Lower limb amputees often complain about uncomfortable skin temperatures and the accumulation of perspiration within their prostheses. Activities, such as walking, cause substantial increases in skin temperatures such that additional bouts of activity, even when interspersed with rest periods longer than the activity periods, result in a cumulative increase in skin temperature through the course of a typical day. One reason is that the materials from which their prostheses are constructed are extremely effective insulators and impermeable to moisture;trapping heat and accumulating sweat inside the prosthesis. Amputee thermoregulation may be further complicated by neuronal degradation impairing temperature sensation and vasomotor response. To address this important Veteran amputee issue, we have already built a novel instrument to simultaneously measure skin temperature perception thresholds and thermoregulatory responses to changing skin temperature conditions. We have also built a unique thermal manikin with which we can optimize the design of a prototype prosthesis intended to provide thermal relief and expel accumulated sweat. Our proposed research will use this instrument and thermal manikin to accomplish three specific aims.
Specific Aim 1 will identify perception thresholds to thermal stimuli and the existence of any amputation- or diabetic-related thermoregulatory impairment. We will use a novel instrument to study the effect of changing skin temperature on healthy non-amputees (n=20), lower limb amputees of traumatic etiology (n=20), and lower limb amputees of diabetic etiology (n=20). This instrument will enable us to measure the skin temperatures at which participants can perceive warm and cold stimuli. At the same time, we will also measure changes in local blood flow;an important thermoregulatory strategy. Data from this experiment will enable hypothesis testing to distinguish population-specific differences.
Specific Aim 2 will use a unique thermal manikin to optimize the design of a novel, dynamic air exchange prosthesis intended to provide thermal relief and expel accumulated sweat. We have already built a prototype of this prosthesis and observed promising results in our preliminary human subject experiments. To facilitate design improvements we built a thermal manikin to physically simulate the residual lower limb. We plan to use this experimental model in bench-top experiments to optimize the location and number of inflow ports, pressure differentials, and the controller operation of our novel prosthesis. Specifi Aim 3 will determine if our optimized, dynamic air exchange prosthesis can maintain lower, more comfortable skin temperatures and reduce sweating than the current standard of care, a prosthesis with a distal locking pin suspension. We will conduct a within-subject comparison test involving the participation of traumatic (n=10) and diabetic (n=10) lower limb amputees. Data from this experiment will enable hypothesis testing to directly compare the two prostheses in terms of skin temperature, sweat, and thermal comfort. The proposed research will provide a thorough understanding of thermal perception and physiologic response in the amputee population and provide for a direct comparison between a novel prosthesis intended to provide thermal relief and a prosthesis prescribed to many lower limb amputees. The evidence-based understanding and prosthetic technology innovations resulting from the proposed research are expected to measurably improve the life experiences of lower limb amputees.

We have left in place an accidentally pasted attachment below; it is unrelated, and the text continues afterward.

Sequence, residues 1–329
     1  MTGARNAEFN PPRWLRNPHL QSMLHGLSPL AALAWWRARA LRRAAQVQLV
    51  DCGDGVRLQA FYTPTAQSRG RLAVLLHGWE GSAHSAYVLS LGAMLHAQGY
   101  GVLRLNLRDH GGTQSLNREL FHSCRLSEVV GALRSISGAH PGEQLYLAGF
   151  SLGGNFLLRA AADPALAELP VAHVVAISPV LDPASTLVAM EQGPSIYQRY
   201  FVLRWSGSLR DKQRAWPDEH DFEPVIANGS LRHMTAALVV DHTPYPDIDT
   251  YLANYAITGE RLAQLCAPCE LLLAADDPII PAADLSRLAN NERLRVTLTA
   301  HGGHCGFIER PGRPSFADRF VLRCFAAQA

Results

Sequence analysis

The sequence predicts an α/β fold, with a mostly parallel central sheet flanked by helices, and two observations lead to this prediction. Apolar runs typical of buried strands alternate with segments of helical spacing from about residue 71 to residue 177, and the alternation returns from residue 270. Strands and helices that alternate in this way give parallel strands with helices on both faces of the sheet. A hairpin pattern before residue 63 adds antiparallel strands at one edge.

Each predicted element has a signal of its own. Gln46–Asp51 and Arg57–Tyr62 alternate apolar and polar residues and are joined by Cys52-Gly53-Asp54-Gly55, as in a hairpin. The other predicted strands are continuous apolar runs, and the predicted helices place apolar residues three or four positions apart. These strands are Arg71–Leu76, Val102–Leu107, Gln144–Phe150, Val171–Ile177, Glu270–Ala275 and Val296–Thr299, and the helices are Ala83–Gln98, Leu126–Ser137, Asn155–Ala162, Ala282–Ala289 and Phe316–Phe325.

Public Health Relevance

OF THE PROPOSED RESEARCH TO VETERANS Between 3000 and 5000 lower limb amputation surgeries are performed each year on Veterans (Mayfield et al., 2000). These Veterans are among the 623,000 Americans who live with lower limb amputation, a population expected to grow as our nation's population ages (Ziegler-Graham et al., 2008). Further, U.S. involvements in military conflicts overseas are resulting in additional amputees of traumatic etiology;a population who will rely on the VA for years to come. Developing innovative approaches to improve their rehabilitative care is a VA priority. The proposed research will yield key knowledge needed to develop and commercialize the next generation of prostheses that can maintain comfortable temperatures and ameliorate the adverse effects of sweating by the residual limb. We believe that the knowledge disseminated from this research will lead to substantial improvements in the quality of life of Veteran amputees.

National Institute of Health (NIH)
Veterans Affairs (VA)
Non-HHS Research Projects (I01)
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Rehabilitation Engineering &Prosthetics/Orthotics (RRD5)
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VA Puget Sound Healthcare System
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